“The biggest benefit is that you get to spend time doing things that don’t really need to be planned,” said Ellis. “When you ring someone and there’s nothing going on, you just come over and sit in the garden and talk. Now, that’s not an earth-shattering event, but it’s a great opportunity to get to know someone.”

According to Ellis, to really learn about the culture, you need to be involved in conversations on various subjects; from the news, to sports, to whatever.

“In a way, because my friends are from here, I don’t feel like a foreigner,” Pelow added. “I feel more relaxed and involved.”

That word, “involved,” is extremely important. Without getting involved in some form or fashion, Sailors are doomed to an unfulfilling tour, and to be honest, a nightmare experience.

Your activities don’t always have to be in the heart of the city to enjoy the time away from the United States. For many Sailors and their families around the globe, duty at the small remote bases can be, and much of the time is, just as rewarding.


Country Life: St. Mawgan

Chief Sonar Technician Scott Pageauand his family found themselves accepting orders to St. Mawgan, a small country station in Cornwall in the southwestern tip of England.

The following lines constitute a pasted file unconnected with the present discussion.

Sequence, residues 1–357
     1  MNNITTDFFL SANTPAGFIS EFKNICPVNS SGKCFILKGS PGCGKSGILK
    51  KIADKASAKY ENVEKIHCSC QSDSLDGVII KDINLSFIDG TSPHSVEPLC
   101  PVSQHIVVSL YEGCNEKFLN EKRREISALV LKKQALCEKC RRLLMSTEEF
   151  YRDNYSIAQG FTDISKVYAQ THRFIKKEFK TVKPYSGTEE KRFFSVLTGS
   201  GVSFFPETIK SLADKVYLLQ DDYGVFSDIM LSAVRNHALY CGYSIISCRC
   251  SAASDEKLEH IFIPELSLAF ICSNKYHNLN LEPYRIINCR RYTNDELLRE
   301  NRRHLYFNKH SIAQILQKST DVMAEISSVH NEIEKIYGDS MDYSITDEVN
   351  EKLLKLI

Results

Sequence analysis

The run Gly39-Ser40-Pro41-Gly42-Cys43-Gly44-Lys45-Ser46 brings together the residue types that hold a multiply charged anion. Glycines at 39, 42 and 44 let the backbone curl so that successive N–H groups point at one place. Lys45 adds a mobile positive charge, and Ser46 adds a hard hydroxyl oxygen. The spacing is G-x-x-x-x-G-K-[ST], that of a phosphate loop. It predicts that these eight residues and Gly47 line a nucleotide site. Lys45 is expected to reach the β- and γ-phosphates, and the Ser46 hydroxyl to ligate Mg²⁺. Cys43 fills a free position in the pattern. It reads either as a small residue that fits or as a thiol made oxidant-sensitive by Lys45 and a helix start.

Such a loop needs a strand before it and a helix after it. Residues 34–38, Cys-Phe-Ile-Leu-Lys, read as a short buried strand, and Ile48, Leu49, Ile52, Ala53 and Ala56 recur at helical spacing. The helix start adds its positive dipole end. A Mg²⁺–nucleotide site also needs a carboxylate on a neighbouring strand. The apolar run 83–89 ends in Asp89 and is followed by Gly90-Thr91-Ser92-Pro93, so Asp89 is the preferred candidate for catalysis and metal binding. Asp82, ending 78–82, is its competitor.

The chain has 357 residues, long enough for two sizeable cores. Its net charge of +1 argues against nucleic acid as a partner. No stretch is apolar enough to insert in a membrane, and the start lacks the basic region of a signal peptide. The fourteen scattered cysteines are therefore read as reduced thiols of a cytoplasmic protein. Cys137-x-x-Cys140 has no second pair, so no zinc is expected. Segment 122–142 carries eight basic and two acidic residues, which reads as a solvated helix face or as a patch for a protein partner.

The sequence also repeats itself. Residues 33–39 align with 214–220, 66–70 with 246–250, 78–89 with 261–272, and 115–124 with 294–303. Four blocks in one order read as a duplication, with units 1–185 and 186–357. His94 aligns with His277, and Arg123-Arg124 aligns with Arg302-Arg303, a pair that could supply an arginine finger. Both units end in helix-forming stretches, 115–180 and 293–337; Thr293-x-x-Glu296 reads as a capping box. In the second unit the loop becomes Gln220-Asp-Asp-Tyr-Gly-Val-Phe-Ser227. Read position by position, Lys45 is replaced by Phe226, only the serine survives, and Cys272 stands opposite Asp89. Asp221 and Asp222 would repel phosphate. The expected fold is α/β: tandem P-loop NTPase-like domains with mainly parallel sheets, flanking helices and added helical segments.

There, they don’t battle the double-decker buses in traffic, like their counterparts in the city. Instead, tractors hauling bales of hay through the narrow roads cause the delays. Instead of millions of commuters bumping and squeezing their way to work on the “tube”(London subway), the Sailors of the Joint Maritime Force at St. Mawgan, are faced with the periodic “traffic jams” of sheep and livestock herds.

It’s quite unique, and an experience the Pageaus wouldn’t pass up for the world.

“We even extended a year because we don’t want to leave,” said Laura Pageau. That is ironic, considering she felt like this was going to be a very bad tour after her first few months in country.

“I just remember going to that red phone box and calling my family; just crying because it was so bad,” said Laura. “I look back at all of the things that I appreciate now, but at the time, I just wanted to go home and would have done anything to make it happen. It was total culture shock, which was unexpected.”

The Pageaus had a career path that was somewhat common to many Sailors of the modern era. They had been in the Navy for 14 years and a vast majority of their career, 12 years to be exact, was spent bouncing around San Diego. They’d never been to a foreign country, let alone stationed in one.

When they first arrived, they moved into government quarters and began to fall into the rut they so strongly avoid today.

“I think there are too many people who just stay in housing and don’t venture out,” said Pageau. “They usually end up building a wall, rather than getting out and being adventurous. They would rather stay at home than get out and test the waters.”